Critical Infrastructure Security, Threat Intelligence

Yes to patching, but companies need to finally embrace zero-trust

Today’s columnist, Matt Glenn of Illumio, says attacks like the one on Colonial Pipeline combined with the Biden administration’s cybersecurity executive order pushed the industry to accept zero-trust. (Photo by Michael M. Santiago/Getty Images)

We may be two months away from Halloween, but the slew of cyberattacks that we’ve seen over the past six months are as bad as any horror story we’ve ever seen.

Let’s start with the devastating SolarWinds attack. In early 2020, hackers broke into SolarWinds, a Texas-based software provider. They added malicious code into the company's software program Orion, which was widely used by companies to manage IT resources. According to SEC filings, SolarWinds had 33,000 Orion customers – and SolarWinds later told the SEC that up to 18,000 of those customers had installed updates that left them vulnerable to the attack. Thanks to the large-scale supply chain attack that went undetected for months, foreign hackers were able to spy and gain critical intelligence on private companies and the U.S. federal government. We’re still unsure of – and the public will likely never fully know – how much critical information they saw.  

Fast forward to March where Microsoft detected multiple zero-day exploits that were used to attack versions of the Microsoft Exchange Server. It was widely reported that more than 30,000 organizations in the U.S. were attacked as hackers used several Exchange vulnerabilities to gain access to email accounts and install web shell malware, giving the cybercriminals ongoing administrative access to the victims' servers.

Gartner analyst Peter Firstbrook explained that what the hackers were really looking for was a rich attack environment. In other words, their endgame wasn’t necessarily the on-premises servers they put web shells into at the start, but setting themselves up for future attacks on higher value targets those servers may be connected to. Another supply chain attack horror story for the books.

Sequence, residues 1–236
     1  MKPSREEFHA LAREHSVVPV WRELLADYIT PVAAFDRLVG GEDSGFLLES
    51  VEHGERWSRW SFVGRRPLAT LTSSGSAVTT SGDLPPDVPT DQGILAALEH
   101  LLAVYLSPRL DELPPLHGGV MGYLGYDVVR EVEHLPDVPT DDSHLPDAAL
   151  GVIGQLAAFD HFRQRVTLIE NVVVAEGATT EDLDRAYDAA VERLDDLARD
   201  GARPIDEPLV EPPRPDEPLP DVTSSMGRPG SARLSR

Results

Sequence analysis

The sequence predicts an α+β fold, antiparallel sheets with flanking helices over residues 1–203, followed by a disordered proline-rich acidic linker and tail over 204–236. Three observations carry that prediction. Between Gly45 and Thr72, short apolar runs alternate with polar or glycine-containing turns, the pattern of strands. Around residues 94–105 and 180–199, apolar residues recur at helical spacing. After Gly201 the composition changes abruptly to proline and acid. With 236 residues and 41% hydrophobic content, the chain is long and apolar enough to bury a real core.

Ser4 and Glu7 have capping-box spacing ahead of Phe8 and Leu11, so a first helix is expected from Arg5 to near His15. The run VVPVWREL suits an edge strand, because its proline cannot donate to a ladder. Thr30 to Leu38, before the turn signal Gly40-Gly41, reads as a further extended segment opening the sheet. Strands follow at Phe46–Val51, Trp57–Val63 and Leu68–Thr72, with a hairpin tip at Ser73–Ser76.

Next, we saw the economic impact of the Colonial Pipeline cyberattack, which temporarily halted operations for the nation’s largest pipeline system for moving gasoline and diesel.

After learning about the incident, Colonial Pipeline proactively took certain systems offline to contain the threat – which temporarily halted all pipeline operations and ultimately left about 45% of the East Coast's fuel supply chain temporarily stunted. And then, another supply chain was attacked through ransomware – our beef supply via JBS, the world’s largest meat supplier.

Patching alone won’t keep companies secure

The industry has long viewed patching as an industry best practice and fundamental to any mature approach to cybersecurity. In fact, it’s the very least that software vendors can (and should) do continuously to protect their customers and supply chains against the world of evolving and maturing threats.

But what incidents like SolarWinds, Exchange, and Colonial Pipeline taught us was that organizations need to supplement their detection-based cybersecurity solutions – endpoint detection and response (EDR) and firewalls – and retroactive patch with a proactive cybersecurity framework that fills the gap in the middle. Remember, a detection solution needs to detect a novel attack every single time, while a bad actor just needs to get in once. The odds are in the bad actor’s favor.